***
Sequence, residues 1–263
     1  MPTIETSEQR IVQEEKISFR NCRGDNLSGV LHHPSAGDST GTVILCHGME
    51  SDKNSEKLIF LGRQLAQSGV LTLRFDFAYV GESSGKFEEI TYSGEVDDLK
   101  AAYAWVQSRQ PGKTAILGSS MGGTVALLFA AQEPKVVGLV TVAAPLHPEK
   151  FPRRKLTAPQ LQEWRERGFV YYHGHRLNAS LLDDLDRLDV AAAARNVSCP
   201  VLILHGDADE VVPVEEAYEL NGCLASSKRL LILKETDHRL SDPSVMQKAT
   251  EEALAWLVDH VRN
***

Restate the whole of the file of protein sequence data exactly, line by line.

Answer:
Sequence, residues 1–263
     1  MPTIETSEQR IVQEEKISFR NCRGDNLSGV LHHPSAGDST GTVILCHGME
    51  SDKNSEKLIF LGRQLAQSGV LTLRFDFAYV GESSGKFEEI TYSGEVDDLK
   101  AAYAWVQSRQ PGKTAILGSS MGGTVALLFA AQEPKVVGLV TVAAPLHPEK
   151  FPRRKLTAPQ LQEWRERGFV YYHGHRLNAS LLDDLDRLDV AAAARNVSCP
   201  VLILHGDADE VVPVEEAYEL NGCLASSKRL LILKETDHRL SDPSVMQKAT
   251  EEALAWLVDH VRN